Will the old, too profitable PELs disappear?

Will the old, too profitable PELs disappear?

Before 2015, money placed on a PEL yielded more than 2%. Its yield had even risen to 3.27% between 2000 and 2003 and exceeded 4% before 1994. The Court of Auditors is asking that their remuneration be reduced in view of its cost for the State and the banks.

Small gold mines for savers who subscribed to them before 2011, the old housing savings plans (PEL) are in the sights of the Court of Auditors which asked Monday that their remuneration be reduced taking into account its cost for the State and banks. Currently, the PEL, whose remuneration is fixed once and for all when subscribing to the contract, seems not very advantageous with a rate of 1% since 2016, while a booklet A brings in double (2%) and a booklet of popular savings (LEP) 4.6%.

But this has not always been the case: before 2015, money placed on a PEL returned more than 2%. Its yield had even risen to 3.27% between 2000 and 2003 and exceeded 4% before 1994. In theory, the PEL is a medium-term investment: it allows you to obtain a loan on advantageous terms to buy real estate or fund work. Since 2011, it is only possible to feed it for 10 years and to accumulate interest for 15 years.

PEL subscribed before 2011 continue to accumulate interest for an unlimited period, at the rate set at the time of the contract, which pushes some savers to keep them longer. A situation denounced by the Court of Auditors in a report published Monday: “the ELP is diverted from the historic objective of home ownership to become a long-term savings product,” she argues.

“Significant cost for the financing of the economy”

According to the institution, old PELs are akin to “a real annuity, in particular for the benefit of elderly holders with high outstandings”. This situation has been denounced for several years by the banks, which pay the interest. “These old PEL are no longer in line with the market today and constitute a significant cost for the financing of the economy”, assures the French Banking Federation (FBF) to AFP.

According to the Banque de France, PELs opened before 2011 represented 107.7 billion euros last year with an average remuneration of 4.5%, against 3.04% for all PELs. In a letter to the Court of Auditors published on Monday, its governor François Villeroy de Galhau describes the situation as an “anomaly”.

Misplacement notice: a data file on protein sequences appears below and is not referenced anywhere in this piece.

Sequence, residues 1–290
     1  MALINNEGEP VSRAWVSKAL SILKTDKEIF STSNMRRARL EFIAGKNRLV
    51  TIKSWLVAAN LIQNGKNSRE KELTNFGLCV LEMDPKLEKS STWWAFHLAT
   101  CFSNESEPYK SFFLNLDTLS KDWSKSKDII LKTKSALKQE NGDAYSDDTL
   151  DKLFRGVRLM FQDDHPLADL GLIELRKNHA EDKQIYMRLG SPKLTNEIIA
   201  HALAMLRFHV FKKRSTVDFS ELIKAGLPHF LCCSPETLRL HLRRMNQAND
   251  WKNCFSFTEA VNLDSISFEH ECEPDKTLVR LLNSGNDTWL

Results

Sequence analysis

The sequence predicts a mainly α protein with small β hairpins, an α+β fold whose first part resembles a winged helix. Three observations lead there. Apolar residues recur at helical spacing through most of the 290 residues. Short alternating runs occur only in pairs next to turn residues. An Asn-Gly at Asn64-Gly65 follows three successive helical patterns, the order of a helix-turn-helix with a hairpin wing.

PELs also cost the State money because those opened before 2018 are exempt from income tax until their thirteenth birthday and allow, when spent on a loan, to obtain a bonus of State (up to a maximum of 1,525 euros), the amount of which depends on the interest received.

Sensitive subject

The Court of Auditors estimates at 411 million euros the cost for the State in 2022 for these old PEL “without the State obtaining any financial return or directing the resource towards jobs of general interest as it is the case for regulated booklets”, she underlines.

She “recommends thinking about a device for removing” the advantage of old PELs over other savings products, which she considers “unjustified and even disproportionate”.

The Minister of the Economy Bruno Le Maire replied on Monday that he had “taken note” of the court’s recommendations, contenting himself with saying that the Court’s finding on the PEL “can legitimately lead to questions about the efficiency of the allocation of this housing savings”.

Review the rates of old PEL is not easy because they are governed by contracts between individuals and banks. The subject is all the more sensitive as inflation, which reached 5.8% in August over one year according to INSEE, is chipping away at the real earnings of savers. “A commitment is a commitment and it must be respected”, reacts to AFP François Carlier, general delegate of the consumer association CLCV.

If the banks decided to lower the remuneration for old passbooks, this would lead to major litigation and would damage their image vis-à-vis their customers, underlines the Court of Auditors. It therefore identifies other solutions, such as a negotiation between the banks and their customers to close the PEL, in return for compensation, or a modification of the contracts by law in the name of the general interest, in exchange for a commitment from the banks. to finance priority projects, such as the ecological and energy transition. The FBF ensures that “the profession is open to participate in the work that the Court recommends to the public authorities” and favors a regulatory modification of the performance of old PELs.

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